Meanwhile, nobody else was in here working, because we were told that the building had to be completely empty while they did this: that nobody could be on the floor. So all other work stopped for two days (thursday and friday), until the floor was in. But (prepare to be shocked!) they told us that they weren't going to be done in time, and would need to also come back monday, and maybe tuesday. Meanwhile we've got all kinds of stuff scheduled for monday, including deliveries of stuff that needs to sit on that floor. So Steve (our general contractor) spent an hour or two yelling first at these guys, then at their boss. When he explained ``be done before monday or don't get paid,'' they decided that coming in on saturday to finish the job would not be too terrible a hardship for them.

Anyway, they finished their Zambonification on friday morning. After that, they jackhammered down a few high spots on the floor (using a jackhammer attachment that looks like a meat tenderizing hammer, that turns concrete to dust.)

The way they plotted out the new plane for the floor was kind of clever: they drilled screws into the floor near the walls, and strung up a grid of thread, with 6'x6' cells. Then they raised and lowered the endpoints of the strings until all the crossings lined up: at that point, they had a level plane. For the outer edges, they cheated a little bit, and angled things down very slightly to make it line up with the existing floor in some important spots, like where the stairs touch down. After that was done, they put screws into the floor at each intersection, at the same height as the strings. Then the strings came out, and when they poured the floor, they made sure that each 6'x6' section lined up with the screws at the corner. They also painted down a layer of some kind of pink glue for the new stuff to stick to. It looked like someone dumped fifty gallons of Pepto Bismol in here.

There are a few new holes cut in the roof now, where the fans will sit for the new ventilation system. They use a flame thrower (``torch'' is just not a strong enough word to describe this thing) to attach tar-like roofing material to the plywood frames. Fire's cool.

The first truckload of sheet metal for the ventilation system has arrived, and they've started hanging it. There's a lot of this stuff; This appears to be another case of us being forced to massively over-engineer things because the building codes require it, since they're geared toward office buildings and places that want to be a constant 72 degrees, instead of a nightclub... But we need something or it will be over a hundred degrees in here once it's full of bodies; and as with so many things, if you build anything, you have to build way too much.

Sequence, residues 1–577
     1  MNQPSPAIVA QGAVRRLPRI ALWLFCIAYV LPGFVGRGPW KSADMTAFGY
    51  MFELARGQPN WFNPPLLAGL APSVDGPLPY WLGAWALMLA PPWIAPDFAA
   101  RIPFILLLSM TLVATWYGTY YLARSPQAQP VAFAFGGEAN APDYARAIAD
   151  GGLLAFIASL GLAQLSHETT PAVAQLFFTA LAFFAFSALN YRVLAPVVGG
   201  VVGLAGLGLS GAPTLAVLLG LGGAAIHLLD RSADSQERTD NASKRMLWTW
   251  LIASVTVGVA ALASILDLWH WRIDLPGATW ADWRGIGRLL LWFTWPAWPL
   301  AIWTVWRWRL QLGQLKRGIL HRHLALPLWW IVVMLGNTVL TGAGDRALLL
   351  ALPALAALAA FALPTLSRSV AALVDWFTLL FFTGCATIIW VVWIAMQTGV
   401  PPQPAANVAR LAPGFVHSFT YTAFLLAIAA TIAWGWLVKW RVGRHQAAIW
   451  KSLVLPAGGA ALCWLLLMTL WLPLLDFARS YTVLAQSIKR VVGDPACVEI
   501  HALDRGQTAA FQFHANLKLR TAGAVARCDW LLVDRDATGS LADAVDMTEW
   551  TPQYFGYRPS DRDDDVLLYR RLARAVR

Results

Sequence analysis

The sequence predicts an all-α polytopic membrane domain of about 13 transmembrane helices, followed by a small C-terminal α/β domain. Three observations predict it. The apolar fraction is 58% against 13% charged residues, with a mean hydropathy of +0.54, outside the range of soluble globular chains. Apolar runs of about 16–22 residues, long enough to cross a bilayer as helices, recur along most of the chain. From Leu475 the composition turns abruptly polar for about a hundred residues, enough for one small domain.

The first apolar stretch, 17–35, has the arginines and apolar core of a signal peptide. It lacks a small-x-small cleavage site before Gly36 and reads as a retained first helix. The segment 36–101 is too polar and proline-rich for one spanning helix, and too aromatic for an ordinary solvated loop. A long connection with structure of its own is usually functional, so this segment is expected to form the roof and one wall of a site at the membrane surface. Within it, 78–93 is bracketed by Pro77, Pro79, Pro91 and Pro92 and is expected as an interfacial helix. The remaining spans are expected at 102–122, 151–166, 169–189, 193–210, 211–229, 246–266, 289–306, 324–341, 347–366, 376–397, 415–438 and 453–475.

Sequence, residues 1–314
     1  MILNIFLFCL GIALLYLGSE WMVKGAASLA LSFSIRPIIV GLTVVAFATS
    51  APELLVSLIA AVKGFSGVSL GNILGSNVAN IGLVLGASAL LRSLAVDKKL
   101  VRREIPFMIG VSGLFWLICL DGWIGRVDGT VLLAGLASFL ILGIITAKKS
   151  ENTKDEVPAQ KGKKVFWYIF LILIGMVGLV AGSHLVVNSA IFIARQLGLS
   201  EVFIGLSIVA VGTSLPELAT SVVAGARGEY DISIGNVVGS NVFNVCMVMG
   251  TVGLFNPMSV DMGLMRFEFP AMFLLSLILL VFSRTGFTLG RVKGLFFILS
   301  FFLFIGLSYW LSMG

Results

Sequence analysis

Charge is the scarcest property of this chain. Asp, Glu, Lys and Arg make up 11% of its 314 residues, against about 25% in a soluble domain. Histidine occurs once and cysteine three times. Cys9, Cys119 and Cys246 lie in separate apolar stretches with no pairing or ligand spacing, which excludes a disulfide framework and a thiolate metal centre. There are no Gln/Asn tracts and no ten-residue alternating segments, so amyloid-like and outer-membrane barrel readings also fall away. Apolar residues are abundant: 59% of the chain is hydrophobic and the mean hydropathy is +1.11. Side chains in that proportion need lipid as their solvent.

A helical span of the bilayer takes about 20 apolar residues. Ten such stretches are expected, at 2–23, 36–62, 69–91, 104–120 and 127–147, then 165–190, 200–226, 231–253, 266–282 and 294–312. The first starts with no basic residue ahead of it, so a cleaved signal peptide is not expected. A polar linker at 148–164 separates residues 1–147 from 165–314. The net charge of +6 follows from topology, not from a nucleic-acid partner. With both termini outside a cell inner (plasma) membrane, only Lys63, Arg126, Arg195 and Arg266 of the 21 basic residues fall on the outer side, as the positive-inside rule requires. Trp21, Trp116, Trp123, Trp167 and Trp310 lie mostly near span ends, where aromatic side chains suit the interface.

The guys from JK have been out here hanging the support from which the center cluster of speakers will be suspended; they build a welded metal frame, and it hooks in to the ceiling in several places with steel cables. Barry had an entertaining conversation with one of them the other day:

Noewell: Hey, do you have a calculator?
Barry: (Hands over his Palm Pilot.)
Noewell: (Looks...) No, I need one that can do square roots.
Barry: Huh??
Noewell: You know, Pythagorean Theorem?
Barry: Uhhhhh...
Noewell: A2 + B2 = C2?
(Waits...)
I'm hanging a diagonal cable, and I know the width and height and need to know how long to cut it?
Barry: So this is that actual real world use of geometry that they told us about! I didn't believe it! I never expected to see this happen!

Hear that, kids? Stay in school.

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A lot of stuff got done this week!

The ductwork for the ventilation system is mostly installed, and it is very cool looking! I didn't expect it to look as neat as it does. There's a roof penetration near the front of the building, and from there, a 3' duct starts worming its way around the perimeter of the building, shrinking down to 1' at the ends. There's a fan on the roof that blows air into this duct from outside. Then there's another vent in a big metal box up in the rafters above the stage that sucks air out (the two vents are not connected except via the air in the room.) We don't have the roof fans yet.